HONG KONG (Reuters) – Hundreds of thousands of people clogged the streets in central Hong Kong on Sunday dressed in black to demand the city’s leader step down, a day after she suspended an extradition bill in a dramatic retreat following the most violent protests in decades.
The massive rally saw some protesters carry white carnation flowers, while others held banners saying, “Do not shoot, we are HongKonger,” as they sought to avoid a repeat of the violence that rocked the financial center on Wednesday when police fired rubber bullets and tear gas.
The protesters, including young families as well as the elderly, formed a sea of black along roads, walkways and train stations across Hong Kong’s financial center to vent their frustration and anger at Hong Kong leader Carrie Lam.
Loud cheers rang out when activists called through loud hailers for Lam to step down and “step down” echoed through the streets. Protesters also chanted “pursue the black police”, angry at what they say was an overreaction by police that left more than 70 people injured in Wednesday’s violent protest.
Beijing-backed Lam on Saturday indefinitely delayed the extradition bill that could send people to mainland China to face trial, expressing “deep sorrow and regret” although she stopped short of apologizing.
The about-face was one of the most significant political turnarounds by the Hong Kong government since Britain returned the territory to China in 1997, and it threw into question Lam’s ability to continue to lead the city.
“Carrie Lam refused to apologize yesterday. It’s unacceptable,” said 16-year-old Catherine Cheung. “She’s a terrible leader who is full of lies … I think she’s only delaying the bill now to trick us into calming down.”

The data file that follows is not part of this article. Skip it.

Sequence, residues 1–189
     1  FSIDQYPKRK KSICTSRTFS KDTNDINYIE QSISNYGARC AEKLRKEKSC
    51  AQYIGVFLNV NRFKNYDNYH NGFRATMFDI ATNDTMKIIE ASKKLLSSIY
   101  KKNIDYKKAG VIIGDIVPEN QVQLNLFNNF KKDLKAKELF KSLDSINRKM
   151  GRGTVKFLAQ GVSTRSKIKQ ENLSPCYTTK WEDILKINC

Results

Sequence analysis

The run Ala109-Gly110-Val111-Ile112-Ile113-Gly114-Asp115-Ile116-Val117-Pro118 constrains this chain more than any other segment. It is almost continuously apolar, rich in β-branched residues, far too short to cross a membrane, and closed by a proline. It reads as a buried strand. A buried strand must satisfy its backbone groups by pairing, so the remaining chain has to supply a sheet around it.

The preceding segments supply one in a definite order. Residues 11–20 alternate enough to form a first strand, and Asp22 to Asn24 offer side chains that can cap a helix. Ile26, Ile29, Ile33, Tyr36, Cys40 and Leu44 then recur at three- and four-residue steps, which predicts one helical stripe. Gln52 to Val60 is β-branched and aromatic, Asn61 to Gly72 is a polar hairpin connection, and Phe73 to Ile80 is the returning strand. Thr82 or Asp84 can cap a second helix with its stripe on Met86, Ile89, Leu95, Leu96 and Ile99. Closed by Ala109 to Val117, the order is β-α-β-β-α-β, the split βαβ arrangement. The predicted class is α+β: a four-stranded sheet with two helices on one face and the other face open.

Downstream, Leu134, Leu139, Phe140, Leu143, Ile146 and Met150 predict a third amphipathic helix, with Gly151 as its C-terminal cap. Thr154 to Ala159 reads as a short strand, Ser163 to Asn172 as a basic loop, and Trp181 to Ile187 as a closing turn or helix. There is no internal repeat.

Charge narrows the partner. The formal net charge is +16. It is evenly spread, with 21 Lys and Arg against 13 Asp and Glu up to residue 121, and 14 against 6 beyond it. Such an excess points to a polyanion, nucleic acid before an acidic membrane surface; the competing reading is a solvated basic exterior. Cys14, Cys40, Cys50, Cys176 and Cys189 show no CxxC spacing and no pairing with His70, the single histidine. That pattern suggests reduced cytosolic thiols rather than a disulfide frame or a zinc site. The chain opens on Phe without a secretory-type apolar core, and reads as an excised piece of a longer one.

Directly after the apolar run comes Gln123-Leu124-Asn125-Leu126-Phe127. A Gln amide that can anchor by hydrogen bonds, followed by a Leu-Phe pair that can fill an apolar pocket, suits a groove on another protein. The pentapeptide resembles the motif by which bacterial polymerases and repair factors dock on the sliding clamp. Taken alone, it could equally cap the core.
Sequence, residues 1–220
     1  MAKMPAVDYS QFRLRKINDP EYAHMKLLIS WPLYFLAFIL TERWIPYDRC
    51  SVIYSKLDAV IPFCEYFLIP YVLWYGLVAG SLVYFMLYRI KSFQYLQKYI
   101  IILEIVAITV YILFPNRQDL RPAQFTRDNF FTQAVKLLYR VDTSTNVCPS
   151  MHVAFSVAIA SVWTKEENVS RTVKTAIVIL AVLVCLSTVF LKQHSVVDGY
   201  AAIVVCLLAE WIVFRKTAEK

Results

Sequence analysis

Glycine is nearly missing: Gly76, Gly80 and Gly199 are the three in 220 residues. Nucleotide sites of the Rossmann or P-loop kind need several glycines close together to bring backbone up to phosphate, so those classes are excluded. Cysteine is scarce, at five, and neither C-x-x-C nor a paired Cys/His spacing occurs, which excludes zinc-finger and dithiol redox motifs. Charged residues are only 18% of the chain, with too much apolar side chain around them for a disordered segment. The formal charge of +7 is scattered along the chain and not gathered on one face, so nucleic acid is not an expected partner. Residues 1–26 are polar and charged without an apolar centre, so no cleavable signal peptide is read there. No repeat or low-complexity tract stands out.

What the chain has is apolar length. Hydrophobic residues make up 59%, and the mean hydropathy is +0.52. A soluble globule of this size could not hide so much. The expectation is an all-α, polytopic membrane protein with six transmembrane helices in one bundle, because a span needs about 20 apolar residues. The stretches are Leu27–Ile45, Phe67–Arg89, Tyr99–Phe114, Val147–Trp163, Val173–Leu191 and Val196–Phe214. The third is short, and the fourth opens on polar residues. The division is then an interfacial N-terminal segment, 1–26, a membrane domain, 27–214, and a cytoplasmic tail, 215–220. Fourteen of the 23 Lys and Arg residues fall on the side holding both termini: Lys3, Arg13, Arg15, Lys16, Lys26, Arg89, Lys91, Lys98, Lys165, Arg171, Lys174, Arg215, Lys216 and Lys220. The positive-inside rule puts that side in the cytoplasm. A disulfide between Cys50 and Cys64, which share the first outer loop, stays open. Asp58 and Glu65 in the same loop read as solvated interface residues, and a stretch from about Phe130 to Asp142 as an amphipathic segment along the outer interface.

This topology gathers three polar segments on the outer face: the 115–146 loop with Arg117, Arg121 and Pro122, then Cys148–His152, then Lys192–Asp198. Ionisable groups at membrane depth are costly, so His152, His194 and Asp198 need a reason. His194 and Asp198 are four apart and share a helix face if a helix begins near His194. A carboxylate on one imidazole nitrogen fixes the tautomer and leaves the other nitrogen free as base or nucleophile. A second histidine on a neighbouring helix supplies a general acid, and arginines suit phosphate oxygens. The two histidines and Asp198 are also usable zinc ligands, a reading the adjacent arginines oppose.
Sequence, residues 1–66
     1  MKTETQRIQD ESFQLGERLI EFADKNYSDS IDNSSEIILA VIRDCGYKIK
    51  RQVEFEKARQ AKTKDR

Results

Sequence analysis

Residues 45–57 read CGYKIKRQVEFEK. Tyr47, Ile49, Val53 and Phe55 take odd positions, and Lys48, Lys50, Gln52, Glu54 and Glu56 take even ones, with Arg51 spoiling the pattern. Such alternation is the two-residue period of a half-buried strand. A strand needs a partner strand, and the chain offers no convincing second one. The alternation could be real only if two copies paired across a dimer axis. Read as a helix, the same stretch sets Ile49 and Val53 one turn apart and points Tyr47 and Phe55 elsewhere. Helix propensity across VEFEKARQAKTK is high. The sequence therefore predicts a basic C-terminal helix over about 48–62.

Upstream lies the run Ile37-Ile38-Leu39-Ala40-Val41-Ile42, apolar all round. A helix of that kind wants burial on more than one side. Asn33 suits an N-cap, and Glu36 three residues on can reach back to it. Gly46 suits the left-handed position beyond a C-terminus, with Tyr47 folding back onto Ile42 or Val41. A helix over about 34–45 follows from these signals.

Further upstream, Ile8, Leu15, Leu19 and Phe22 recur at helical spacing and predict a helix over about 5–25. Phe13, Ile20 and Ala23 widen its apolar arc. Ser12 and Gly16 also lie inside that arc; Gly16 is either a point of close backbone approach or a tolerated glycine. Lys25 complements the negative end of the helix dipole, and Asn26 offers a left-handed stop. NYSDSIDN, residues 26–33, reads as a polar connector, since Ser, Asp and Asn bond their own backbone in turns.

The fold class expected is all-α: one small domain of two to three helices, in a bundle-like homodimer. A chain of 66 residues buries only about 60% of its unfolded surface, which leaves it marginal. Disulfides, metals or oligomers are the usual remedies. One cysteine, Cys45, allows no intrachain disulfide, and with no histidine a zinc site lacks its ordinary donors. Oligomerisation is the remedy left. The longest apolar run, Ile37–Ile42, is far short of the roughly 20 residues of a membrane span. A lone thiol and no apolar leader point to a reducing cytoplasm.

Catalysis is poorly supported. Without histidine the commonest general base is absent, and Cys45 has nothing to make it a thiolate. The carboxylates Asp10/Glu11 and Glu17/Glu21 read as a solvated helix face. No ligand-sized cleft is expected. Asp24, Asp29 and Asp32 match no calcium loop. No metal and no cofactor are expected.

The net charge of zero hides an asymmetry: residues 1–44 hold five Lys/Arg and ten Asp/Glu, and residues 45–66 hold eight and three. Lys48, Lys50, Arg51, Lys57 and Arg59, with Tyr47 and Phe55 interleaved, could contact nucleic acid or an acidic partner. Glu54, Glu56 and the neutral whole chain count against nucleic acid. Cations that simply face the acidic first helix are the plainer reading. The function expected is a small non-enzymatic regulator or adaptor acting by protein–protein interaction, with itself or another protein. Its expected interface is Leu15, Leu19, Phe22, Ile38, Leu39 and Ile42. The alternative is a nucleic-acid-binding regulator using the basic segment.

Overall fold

Her classmate, Cindy Yip, said: “That’s why we’re still demanding the bill be scrapped. We don’t trust her anymore. She has to quit.”
Critics say the planned extradition law could threaten Hong Kong’s rule of law and its international reputation as an Asian financial hub. Some Hong Kong tycoons have already started moving personal wealth offshore.
Activist investor David Webb, in a newsletter on Sunday, said if Lam was a stock he would recommend shorting her with a target price of zero.
“Call it the Carrie trade. She has irrevocably lost the public’s trust,” Webb said.
“Her minders in Beijing, while expressing public support for now, have clearly lined her up for the chop by distancing themselves from the proposal in recent days.”
China’s Communist Party mouthpiece, the People’s Daily, said in a commentary on Sunday that central authorities expressed “firm support” for Lam.
The protests have plunged Hong Kong into political crisis, just as months of pro-democracy “Occupy” demonstrations did in 2014, heaping pressure on Lam’s administration and her official backers in Beijing.
The turmoil comes at a difficult time for Beijing, which is already grappling with an escalating U.S. trade war, a faltering economy and tensions in the South China Sea.
Chinese censors have been working hard to erase or block news of the Hong Kong protests, wary that any large public rallies could inspire protests in the mainland.
The violent clashes near the heart of the financial center on Wednesday grabbed global headlines and forced some shops and banks, including HSBC, to shut branches.
Activists on Sunday pasted hundreds of fliers and notes to a wall near the protest site, with some reading, “Stop shooting innocent people”, and “Use your brain, violence is insane”.